Why you’re right:
1. Goss attacked John Kerry on the House floor. Holding up a sign with a quote by Democratic presidential candidate John Kerry, Goss accused Kerry and his Democratic colleagues of weakening the American intelligence infrastructure and causing its problems. He said, “That [the quote featured on the sign] was in May of 1997 from the record. I got books full of that stuff. There is no doubt where the record is. The Democratic party did not support the intelligence community.” Unless he plans on serving a five-month term, Goss must entertain the possibility that he might work for John Kerry come January. (Congressional Record)
2. Goss co-authored an anti-Kerry op-ed featured on GOP.com. The piece, which ran originally in the Tampa Tribune, is entitled “Need intelligence? Don’t ask John Kerry.” In it, he wrote, “Especially in the early Clinton years, the cuts [to CIA funding] were deep, far-reaching and devastating to the ability of the CIA to keep America safe …Where was the junior senator from Massachusetts? Serving as a senior member of the Senate Intelligence Committee … Did he fight the cuts in intelligence spending or the restraints on U.S. intelligence operatives? Far from it. In fact, he was leading the way to make deep and devastating cuts.” (Tampa Tribune)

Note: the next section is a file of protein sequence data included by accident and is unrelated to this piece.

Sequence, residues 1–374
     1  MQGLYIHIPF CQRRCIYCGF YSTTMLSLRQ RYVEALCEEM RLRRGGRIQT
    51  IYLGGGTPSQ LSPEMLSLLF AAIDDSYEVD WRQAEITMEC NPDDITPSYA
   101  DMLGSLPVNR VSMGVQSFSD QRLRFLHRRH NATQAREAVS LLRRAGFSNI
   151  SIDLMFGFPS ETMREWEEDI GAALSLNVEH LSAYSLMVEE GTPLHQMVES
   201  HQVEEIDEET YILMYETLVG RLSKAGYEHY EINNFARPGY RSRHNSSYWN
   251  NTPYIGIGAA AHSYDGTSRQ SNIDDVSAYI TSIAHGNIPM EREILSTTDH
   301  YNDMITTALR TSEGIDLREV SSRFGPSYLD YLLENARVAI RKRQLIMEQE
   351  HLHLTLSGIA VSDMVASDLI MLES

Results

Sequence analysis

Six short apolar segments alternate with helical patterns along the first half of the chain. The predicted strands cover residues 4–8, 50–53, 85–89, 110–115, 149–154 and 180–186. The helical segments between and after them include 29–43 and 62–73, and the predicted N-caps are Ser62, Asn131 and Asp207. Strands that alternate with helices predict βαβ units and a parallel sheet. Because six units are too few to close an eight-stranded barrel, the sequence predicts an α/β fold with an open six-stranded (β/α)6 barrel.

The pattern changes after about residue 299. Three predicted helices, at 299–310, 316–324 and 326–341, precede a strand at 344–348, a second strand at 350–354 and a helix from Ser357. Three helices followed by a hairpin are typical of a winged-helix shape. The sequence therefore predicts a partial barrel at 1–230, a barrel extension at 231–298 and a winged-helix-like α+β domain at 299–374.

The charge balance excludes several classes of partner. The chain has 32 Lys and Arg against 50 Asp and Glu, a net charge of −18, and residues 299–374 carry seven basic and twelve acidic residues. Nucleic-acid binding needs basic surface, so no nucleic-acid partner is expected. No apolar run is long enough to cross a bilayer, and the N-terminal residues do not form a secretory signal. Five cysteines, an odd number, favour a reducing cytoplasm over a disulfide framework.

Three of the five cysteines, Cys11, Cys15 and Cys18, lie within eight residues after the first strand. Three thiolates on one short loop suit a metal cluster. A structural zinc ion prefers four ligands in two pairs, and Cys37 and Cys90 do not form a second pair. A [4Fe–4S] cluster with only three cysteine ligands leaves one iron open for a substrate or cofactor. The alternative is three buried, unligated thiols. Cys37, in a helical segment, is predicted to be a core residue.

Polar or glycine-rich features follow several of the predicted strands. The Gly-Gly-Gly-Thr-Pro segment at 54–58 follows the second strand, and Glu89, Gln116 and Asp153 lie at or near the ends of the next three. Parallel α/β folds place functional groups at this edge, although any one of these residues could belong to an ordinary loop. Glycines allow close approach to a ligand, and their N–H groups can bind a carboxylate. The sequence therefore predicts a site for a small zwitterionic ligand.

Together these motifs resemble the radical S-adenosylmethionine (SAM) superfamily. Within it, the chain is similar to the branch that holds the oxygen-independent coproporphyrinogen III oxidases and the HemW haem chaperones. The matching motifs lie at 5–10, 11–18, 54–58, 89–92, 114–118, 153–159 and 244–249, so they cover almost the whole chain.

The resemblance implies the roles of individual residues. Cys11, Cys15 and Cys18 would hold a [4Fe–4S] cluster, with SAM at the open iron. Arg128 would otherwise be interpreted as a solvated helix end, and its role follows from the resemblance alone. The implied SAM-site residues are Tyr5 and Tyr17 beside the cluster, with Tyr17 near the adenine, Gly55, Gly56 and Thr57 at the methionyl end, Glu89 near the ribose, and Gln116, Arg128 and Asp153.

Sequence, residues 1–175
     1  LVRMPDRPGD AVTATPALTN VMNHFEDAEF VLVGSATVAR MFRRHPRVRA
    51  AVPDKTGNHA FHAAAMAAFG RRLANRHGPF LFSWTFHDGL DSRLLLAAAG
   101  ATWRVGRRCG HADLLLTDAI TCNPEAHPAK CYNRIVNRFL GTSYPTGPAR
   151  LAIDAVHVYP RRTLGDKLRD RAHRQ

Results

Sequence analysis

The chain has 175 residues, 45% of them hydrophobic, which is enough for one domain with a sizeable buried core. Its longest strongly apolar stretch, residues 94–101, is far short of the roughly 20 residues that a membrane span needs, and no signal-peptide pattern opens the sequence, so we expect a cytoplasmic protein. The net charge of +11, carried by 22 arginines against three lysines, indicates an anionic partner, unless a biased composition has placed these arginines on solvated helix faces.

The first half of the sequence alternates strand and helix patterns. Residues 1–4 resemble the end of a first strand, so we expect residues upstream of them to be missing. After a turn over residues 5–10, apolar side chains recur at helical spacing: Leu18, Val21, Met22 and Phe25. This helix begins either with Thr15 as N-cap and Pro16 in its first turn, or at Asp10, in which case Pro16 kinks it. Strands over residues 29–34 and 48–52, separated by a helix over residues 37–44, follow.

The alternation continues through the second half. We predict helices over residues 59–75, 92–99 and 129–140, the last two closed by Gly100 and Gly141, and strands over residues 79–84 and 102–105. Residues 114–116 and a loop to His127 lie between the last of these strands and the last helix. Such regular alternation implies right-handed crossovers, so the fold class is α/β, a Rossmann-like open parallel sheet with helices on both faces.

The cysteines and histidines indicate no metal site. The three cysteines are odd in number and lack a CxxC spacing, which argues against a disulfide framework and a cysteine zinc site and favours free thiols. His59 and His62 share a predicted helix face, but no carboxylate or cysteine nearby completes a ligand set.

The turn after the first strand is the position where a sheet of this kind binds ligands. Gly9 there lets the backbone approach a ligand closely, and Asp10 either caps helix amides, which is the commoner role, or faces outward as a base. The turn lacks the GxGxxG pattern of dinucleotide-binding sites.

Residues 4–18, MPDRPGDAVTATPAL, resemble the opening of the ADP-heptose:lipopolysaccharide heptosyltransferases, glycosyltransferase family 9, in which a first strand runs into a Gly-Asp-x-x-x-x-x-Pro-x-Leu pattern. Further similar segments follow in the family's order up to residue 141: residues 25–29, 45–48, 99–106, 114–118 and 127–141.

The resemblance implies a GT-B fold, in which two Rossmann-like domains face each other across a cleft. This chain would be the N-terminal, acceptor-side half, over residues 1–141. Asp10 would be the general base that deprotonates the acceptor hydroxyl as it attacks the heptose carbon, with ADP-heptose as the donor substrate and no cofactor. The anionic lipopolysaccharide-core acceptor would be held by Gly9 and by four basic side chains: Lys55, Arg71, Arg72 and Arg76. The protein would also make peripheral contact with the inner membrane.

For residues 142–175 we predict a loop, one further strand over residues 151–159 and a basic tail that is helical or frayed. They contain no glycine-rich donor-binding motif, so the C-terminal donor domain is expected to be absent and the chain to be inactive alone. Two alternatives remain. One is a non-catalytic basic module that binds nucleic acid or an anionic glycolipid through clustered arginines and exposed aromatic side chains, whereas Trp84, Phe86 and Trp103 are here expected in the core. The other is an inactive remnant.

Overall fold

3. Goss consistently opposes investigations that would expose Bush administration failings. As chairman of the House Intelligence Committee, Goss led party line votes to oppose the investigations into the Abu Ghraib prison scandal and into U.S. dealings with Ahmed Chalabi. When confronted with his opposition to the investigation of the Valerie Plame leak, Goss responded, “Somebody sends me a blue dress and some DNA, I'll have an investigation'" (Congressional Quarterly, 6/17/04, Herald Tribune)
Why they’re wrong:
Despite Goss’ long time friendship with Florida senator Bob Graham and some bipartisan environmental policymaking, his record on intelligence issues has been an extreme and vocal version of the Republican party line. This record over the long term, combined with his recent efforts against John Kerry’s campaign, ought to disqualify him from serving in a position that demands the trust and respect of lawmakers and Americans of both parties.
A better idea:
President Bush should wait to fill the position of Director of Central Intelligence until it is more clear what that position will entail, at which time he should appoint someone who can be trusted to implement intelligence reform in an evenhanded fashion.